Welfare , K, Flowers, T.J. , Taylor , Gail and Yeo, A.R.
Additive and antagonistic effects of ozone and salinity on the growth, ion contents and gas exchange of five varieties of rice (Oryza sativa L.).
Environmental Pollution, 92, (3), . (doi:10.1016/0269-7491(96)00003-6).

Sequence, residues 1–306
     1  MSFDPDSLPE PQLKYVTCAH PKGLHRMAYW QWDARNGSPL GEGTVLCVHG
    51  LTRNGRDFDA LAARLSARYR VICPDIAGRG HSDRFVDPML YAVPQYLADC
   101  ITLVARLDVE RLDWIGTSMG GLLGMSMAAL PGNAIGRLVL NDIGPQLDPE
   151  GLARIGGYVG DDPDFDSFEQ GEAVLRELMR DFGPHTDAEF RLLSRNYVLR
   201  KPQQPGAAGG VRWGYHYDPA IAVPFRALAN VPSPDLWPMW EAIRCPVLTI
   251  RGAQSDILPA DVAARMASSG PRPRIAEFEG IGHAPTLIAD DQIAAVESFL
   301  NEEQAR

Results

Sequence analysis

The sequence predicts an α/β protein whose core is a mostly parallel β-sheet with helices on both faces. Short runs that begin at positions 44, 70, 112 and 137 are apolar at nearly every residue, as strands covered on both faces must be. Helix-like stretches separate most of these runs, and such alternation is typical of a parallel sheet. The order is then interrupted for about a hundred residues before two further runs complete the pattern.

Five varieties of rice (Oryza sativa L.) of varying salinity resistance were grown in non-saline and in saline conditions, with and without a repeated exposure to ozone at a concentration of 83 nmol mol−1 giving an AOT40 (cumulative exposure above 40 nmol mol−1) of 3600 nmol mol−1 h. Salinity caused a substantial reduction in shoot and root dry weight in all varieties, but the effect on root growth was proportionately less than on shoot growth. Ozone reduced root dry weight but the treatment used did not significantly affect shoot dry weight. Both salinity and ozone reduced plant height. The potassium concentration in the leaves of all five varieties was reduced by salinity, and by ozone in both saline and non-saline treatments. Ozone reduced the sodium concentration in plants grown at 50 mImage NaCl but had no effect upon the chloride concentration. Carbon dioxide assimilation, transpiration and stomatal conductance were all reduced by salinity and by ozone and there was close quantitative similarity between the effects of ozone and/or salinity upon assimilation, stomatal conductance and transpiration. There were some antagonistic effects but there were additive effects of salinity and of ozone on root dry weight, plant height, shoot potassium concentration, photosynthesis, transpiration and stomatal conductance. The possible basis of the additive effects of salinity and ozone on gas exchange and mineral uptake are discussed.
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